The Schengen rules allow short-term stays within the Schengen Area for up to 90 days within a rolling period of 180 days (“90/180-days rule”).  However, the German privileged non-visa national system has allowed individuals of the select countries to apply within a time frame of three months upon arrival in Germany.  Theoretically, a privileged non-visa national would have been allowed to stay in Germany for more than 90 days – as three months may encompass more than 90 days – and apply on the last day for a (combined) residence (and work) permit, even though he/she was already required to leave the Schengen Area according to the 90/180-days rule.

KPMG NOTE

Companies assigning employees should be aware that the extension of the privileged non-visa nationals system to Brazilian nationals and those of El Salvador is not applicable to assignees themselves, but rather to nationals of these countries who are coming to Germany for certain purposes that are not work-related.  This means, for example, that a Brazilian assignee will have to apply for an entry visa first, whereas his spouse may already travel to Germany and apply for a residence permit for the purpose of family reunion at a later point in time.  Tiered relocation – which involves simultaneous relocation by assignees and family members – is generally challenging and, in a worst-case scenario, can lead to a cancellation of the assignment, because family members request to relocate simultaneously to Germany.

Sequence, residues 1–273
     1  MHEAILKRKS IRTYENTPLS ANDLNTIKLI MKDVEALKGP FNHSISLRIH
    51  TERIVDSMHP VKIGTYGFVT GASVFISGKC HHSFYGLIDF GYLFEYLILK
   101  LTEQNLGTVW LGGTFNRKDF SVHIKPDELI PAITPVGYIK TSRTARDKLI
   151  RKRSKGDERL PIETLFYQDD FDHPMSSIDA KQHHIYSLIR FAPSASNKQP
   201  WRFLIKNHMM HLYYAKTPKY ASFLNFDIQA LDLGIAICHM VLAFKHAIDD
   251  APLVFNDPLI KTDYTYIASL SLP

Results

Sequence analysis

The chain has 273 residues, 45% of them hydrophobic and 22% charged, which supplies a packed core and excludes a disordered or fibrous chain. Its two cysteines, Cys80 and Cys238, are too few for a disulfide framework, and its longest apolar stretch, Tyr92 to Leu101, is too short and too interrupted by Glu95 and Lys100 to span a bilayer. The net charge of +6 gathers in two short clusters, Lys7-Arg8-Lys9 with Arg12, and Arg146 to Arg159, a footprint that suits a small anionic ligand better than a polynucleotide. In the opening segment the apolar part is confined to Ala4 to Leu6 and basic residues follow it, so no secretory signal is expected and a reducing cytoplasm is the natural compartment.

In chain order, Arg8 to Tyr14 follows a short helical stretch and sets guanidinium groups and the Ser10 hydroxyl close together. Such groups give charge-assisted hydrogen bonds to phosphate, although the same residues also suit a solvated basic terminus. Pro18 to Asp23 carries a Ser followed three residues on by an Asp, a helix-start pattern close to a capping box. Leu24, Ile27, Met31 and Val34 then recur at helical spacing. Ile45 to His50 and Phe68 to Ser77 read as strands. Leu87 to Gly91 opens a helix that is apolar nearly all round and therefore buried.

FOOTNOTES

1  See: BGBl. I 2015, page 599.

2  This discussion took place between representatives of KPMG and officials at the Department M I 3 of the Federal Ministry of the Interior on March 30 and April 1, 2015, and, additionally, on April 29, 2015.